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Best practice file management in Windows 7?
May 22, 2010 3:36 PM   Subscribe

I have: A clean install of Windows 7, an external hard drive full of documents, music and video files, and zero understanding of how the new-fangled folders and libraries are meant to work. Please help me understand best practice file management in Windows 7.

For reasons beyond my control, I have upgraded from Windows XP to Windows 7 (Home Premium). I've read through various tutorials online, I've figured out how to use the taskbar, and most functions seems to work fine. But as embarassing as this sounds, I still don't understand how libraries work and I don't know where to put my files.

Under XP, I kept everything in subfolders of the My Documents folder. After years of stubbornly ignoring the default folders like "My Music" and "My Pictures", I started using them a while back and and found them surprisingly convenient. I usually accessed the My Documents folder from a shortcut on the Quicklaunch toolbar.

It seems like Windows 7 is attempting to offer some degree of intuititivity, so that if I put my files in the "right" place, the OS will make handling them easier. If this assumption is correct, how do I make things run as smoothly as they did before? What does best practice file management look like in Windows 7?

In case it matters:

- I have a lot of Open Office documents that I'd like to arrange in logical folders of some sort.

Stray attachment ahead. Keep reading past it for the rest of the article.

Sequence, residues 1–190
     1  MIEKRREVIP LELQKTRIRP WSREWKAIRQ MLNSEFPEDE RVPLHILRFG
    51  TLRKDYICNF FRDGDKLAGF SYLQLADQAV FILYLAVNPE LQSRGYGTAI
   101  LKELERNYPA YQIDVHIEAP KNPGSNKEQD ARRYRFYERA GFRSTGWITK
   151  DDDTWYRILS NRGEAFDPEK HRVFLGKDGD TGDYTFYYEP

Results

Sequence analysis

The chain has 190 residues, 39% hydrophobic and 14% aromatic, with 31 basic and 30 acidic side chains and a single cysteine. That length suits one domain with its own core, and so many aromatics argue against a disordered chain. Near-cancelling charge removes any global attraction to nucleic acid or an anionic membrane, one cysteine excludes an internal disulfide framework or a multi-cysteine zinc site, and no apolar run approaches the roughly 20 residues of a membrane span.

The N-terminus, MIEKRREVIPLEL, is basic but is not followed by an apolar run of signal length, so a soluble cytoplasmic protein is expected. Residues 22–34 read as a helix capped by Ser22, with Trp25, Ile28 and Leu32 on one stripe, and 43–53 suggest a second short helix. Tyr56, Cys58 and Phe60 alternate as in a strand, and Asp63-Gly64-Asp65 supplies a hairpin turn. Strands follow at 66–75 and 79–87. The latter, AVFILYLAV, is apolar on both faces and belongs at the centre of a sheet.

- I use VLC for playing individual audio files, GOM for video files and iTunes managing playlists and playing content from the iTunes store.

- I want iTunes to be able to access all my audio and video files, but I'd prefer to keep using Gom and VLC as the default.

- I use IrfanView and Gimp for imaging.

I normally consider myself a reasonably technical user, but I am so baffled by this simple thing that you'd better just explain it to me as though I'm your aging mother.
posted by embrangled to Computers & Internet (6 answers total) 11 users marked this as a favorite
 
I'm not sure what the best practices are, but I can explain libraries to you.

If you ever use "smart playlists" in iTunes, that's basically what they are. A library monitors a certain set of folders that you tell it to monitor. For example, you can tell your "Music" library to monitor "My Documents > My Music > iTunes > iTunes library". But you can ALSO tell your "Music" library to monitor "Desktop > New Music to be sorted".

Anything you do to the files and folders within the library will be reflected at the original site of the files and folders, but deleting the library does not delete the folders. It's basically a way to aggregate files without changing the actual file structure, which is actually pretty useful when you care about the file structure.

You could also think of them as "tags", and the folder they monitor as being tagged with that library. If you delete the tags, the files don't go away.

In your taskbar, the default Windows Explorer launches to the library. If you want to replicate the system you had on Windows XP, just tell the "Music", "Documents", "Videos" libraries to monitor the "My Documents > My Music" folders, etc. Alternatively, you could create a shortcut on your taskbar that points to your "My Documents" folder and go from there. I personally have created a bunch of libraries that point to subfolders within "My Documents", because I may go through periods where I work a lot with those subfolders, but pulling the subfolders out and creating a separate folder in "My Documents" messes with my file structure.